“Get Out There” is a monthly column for itchy footed humans written by Paste contributor Blake Snow. Although weird now, travel is still worthwhile—especially to these open borders.
This story begins with a struggling musician in the 1970s who didn’t fit the establishment. Rock ‘n’ roll didn’t like him. Nashville didn’t either. So he said, “To hell with it,” moved to Key West, and popularized a new genre of counterculture music called Gulf & Western or Tropic Rock. He championed “island escapism” over hard work. Made fun of inebriated debauchery. Sang heartfelt songs about retired Caribbean sailors. And paired unapologetic poetry with catchy melodies.
His name was Jimmy Buffet, a name that has since outgrown the brilliant but often overlooked and underrated sound he created during that groovy decade. Not long after, Buffet started capitalizing on the endearing lifestyle he created by the late ‘80s, which grew to “Parrothead” levels by the late ‘90s, and stratospheric status by the turn of the century. Today, Jimmy Buffet is worth nearly $1 billion dollars. His “Margaritaville” empire includes dozens of best-selling albums, cafes, and hotels, three best-selling books, and even a handful of Southern retirement communities boasting thousands of homes. In truth, the “brand” far outweighs the music that inspired it.
Last year during the pandemic, just as the world was entering a second round of lockdowns, Buffet Inc. quietly launched the Margaritaville Island Reserve, its first all-inclusive resort, near Cancun, Mexico. Operated by the well-run Karisma chain of all-inclusives, Buffet’s resort could have easily turned into a tacky, kitchy, money grab. It is anything but. After visiting with my wife this winter, Margaritaville Island Reserve is one of the finest all-inclusives I’ve ever visited, replete with the best all-inclusive food of any resort, a helpful staff worth writing home about, and an impressive attention to detail (i.e. custom furnishings) to appeal to fans and non-fans alike.
About the only “on brand” thing the resort is missing is the debauchery, which no one wants on vacation anway.
When I first arrived on the property, several things stood out. Margaritaville Island Reserve is covered by palm trees and thatched roofs. It is literally connected by surrounding pools that give the impression of several little islands. On site there are five bars, four restaurants, four public pools (and several private ones), one coffee shop, one gift shop, one spa, and one pristine stretch of beach—the nicest you’ll likely find in either direction along Puerto Morelos. On top of that, you’ll find swinging beds, lounge chairs, hammocks, and oversized cushioned seats in every nook just waiting to get lost in and lay back on.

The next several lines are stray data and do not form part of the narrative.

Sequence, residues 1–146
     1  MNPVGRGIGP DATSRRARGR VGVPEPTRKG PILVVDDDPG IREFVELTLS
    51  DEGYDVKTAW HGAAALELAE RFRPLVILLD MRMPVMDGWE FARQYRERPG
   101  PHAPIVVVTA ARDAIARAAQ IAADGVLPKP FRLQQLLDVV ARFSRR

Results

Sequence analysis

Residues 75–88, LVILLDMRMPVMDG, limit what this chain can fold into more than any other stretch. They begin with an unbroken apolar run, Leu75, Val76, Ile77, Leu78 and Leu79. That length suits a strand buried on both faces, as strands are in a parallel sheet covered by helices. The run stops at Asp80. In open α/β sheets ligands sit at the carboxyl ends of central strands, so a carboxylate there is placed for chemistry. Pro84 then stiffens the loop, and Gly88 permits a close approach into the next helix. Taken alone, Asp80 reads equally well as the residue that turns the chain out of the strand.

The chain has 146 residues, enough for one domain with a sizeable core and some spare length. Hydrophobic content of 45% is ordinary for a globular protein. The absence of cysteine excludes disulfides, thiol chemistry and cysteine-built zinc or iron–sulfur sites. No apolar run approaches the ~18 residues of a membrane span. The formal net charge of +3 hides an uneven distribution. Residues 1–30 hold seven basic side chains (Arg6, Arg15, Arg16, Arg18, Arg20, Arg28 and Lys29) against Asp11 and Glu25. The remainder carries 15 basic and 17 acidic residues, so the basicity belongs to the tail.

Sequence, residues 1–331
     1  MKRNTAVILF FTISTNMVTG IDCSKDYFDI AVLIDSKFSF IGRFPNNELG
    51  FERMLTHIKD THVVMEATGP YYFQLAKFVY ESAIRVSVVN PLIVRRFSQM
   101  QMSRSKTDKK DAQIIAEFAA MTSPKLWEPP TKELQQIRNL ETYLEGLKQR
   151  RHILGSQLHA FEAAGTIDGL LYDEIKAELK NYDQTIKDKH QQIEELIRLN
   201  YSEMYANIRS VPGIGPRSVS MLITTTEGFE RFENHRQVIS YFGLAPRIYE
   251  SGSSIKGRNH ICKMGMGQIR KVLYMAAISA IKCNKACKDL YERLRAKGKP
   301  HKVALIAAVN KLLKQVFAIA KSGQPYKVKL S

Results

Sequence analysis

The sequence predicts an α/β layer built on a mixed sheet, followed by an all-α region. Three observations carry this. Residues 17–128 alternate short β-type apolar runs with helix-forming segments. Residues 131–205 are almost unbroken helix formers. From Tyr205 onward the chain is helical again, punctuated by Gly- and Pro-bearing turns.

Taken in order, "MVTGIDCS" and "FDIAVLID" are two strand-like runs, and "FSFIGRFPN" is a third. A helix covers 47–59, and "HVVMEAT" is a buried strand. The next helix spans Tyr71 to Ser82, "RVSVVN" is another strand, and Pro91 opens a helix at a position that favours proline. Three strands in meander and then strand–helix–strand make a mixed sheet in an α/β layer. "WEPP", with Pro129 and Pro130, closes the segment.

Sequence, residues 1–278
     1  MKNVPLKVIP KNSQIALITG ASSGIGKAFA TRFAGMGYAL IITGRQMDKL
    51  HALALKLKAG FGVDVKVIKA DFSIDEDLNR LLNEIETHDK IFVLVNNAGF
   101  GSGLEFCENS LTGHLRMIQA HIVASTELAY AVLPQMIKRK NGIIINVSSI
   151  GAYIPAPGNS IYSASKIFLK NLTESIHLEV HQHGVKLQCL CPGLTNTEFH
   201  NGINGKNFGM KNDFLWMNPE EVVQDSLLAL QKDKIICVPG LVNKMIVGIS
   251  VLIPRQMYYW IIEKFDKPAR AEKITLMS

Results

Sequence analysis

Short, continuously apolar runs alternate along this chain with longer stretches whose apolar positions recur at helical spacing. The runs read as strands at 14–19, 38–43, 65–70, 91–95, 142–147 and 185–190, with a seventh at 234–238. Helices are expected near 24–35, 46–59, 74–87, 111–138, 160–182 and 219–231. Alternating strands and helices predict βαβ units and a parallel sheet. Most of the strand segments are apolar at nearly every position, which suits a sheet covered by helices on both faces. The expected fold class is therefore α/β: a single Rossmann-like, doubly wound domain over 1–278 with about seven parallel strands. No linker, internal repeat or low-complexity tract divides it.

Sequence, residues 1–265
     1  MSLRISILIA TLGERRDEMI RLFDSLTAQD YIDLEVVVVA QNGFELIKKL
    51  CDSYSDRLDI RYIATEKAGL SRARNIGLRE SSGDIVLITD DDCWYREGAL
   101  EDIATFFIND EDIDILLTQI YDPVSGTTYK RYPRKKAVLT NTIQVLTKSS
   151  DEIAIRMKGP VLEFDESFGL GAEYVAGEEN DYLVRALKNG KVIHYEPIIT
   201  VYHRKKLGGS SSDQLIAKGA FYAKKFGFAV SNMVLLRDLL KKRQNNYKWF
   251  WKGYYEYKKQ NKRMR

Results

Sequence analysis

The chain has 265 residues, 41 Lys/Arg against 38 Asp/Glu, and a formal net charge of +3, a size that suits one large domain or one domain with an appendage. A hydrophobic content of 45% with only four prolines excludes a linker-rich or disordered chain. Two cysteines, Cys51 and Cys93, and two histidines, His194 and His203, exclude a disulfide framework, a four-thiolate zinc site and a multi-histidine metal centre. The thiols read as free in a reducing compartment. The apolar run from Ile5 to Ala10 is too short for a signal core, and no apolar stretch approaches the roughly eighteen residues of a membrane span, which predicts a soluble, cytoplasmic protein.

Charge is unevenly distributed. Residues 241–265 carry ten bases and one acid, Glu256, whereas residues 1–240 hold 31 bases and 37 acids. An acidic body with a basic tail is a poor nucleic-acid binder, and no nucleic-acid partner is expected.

During the week we were there, my wife and I quickly got into a groove of grabbing a drink (or usually having one delivered to us wherever we chose to plop down) for an hour or two—whether by the pool, at the beach, or in one of the many “retreat within a retreat” spots mentioned above. When we first arrived, the resort was only at 30% capacity. By the end of our visit, that had jumped to 80%, the busiest of any other resort we observed along the same stretch of beach. But due to its strategically placed bars, restaurants, and lounge areas, the resort never felt overcrowded or loud.
Not that the place is totally quiet. There is live music, a killer playlist, and resort activities taking place at all hours of the day, creating a good balance between relaxing and never bored or overdone. Some of our favorite memories include the Mexican fiesta/carnival night, dinner for two on the beach, the genuine albeit temporary friendships we formed with the affable staff, and snorkeling the nearby Mayan Reef. We were also in love with our two room suite and adjoining bathroom with jacuzzi tub. We slept in on more than one occasion, taking advantage of room service. Once I took two bubble baths in one day. Don’t judge. It was awesome.
Of the included restaurants, all were good, but Rita’s Taco House and Frank & Lola’s Italian (yes, Italian in Mexico) were our favorites. The “Journey Through Mexico” taco sampler at the former was the best I’ve eaten anywhere, full stop. And the latter had the confidence to serve a simple pomodoro pasta and shrimp and polenta dish that was equally delicious.
Although Buffett wasn’t directly involved in the design of the hotel, it lives up to the ethos and lifestyle he created all those years ago. But as the New York Times once said, “Jimmy Buffett doesn’t live the Jimmy Buffett lifestyle.” He works hard to help you have a memorable vacation, quick getaway, or temporary break from work. His first all-inclusive is no exception. Four and half stars out of five. A wonderful little spot in nearby paradise with direct flights.
A NOTE ON TRAVEL TO MEXICO: American citizens must provide a negative COVID test within one day of boarding their return flight. While the resort does a wonderful job of facilitating this easy requirement, it was a little unnerving to wonder if a failed test would keep us from going home. If you can’t stomach that slight risk right now, consider visiting at a later date.
Blake Snow contributes to fancy publications and Fortune 500 companies as a bodacious writer-for-hire and frequent travel columnist. He lives in Provo, Utah with an adolescent family and their “bullador beagle.”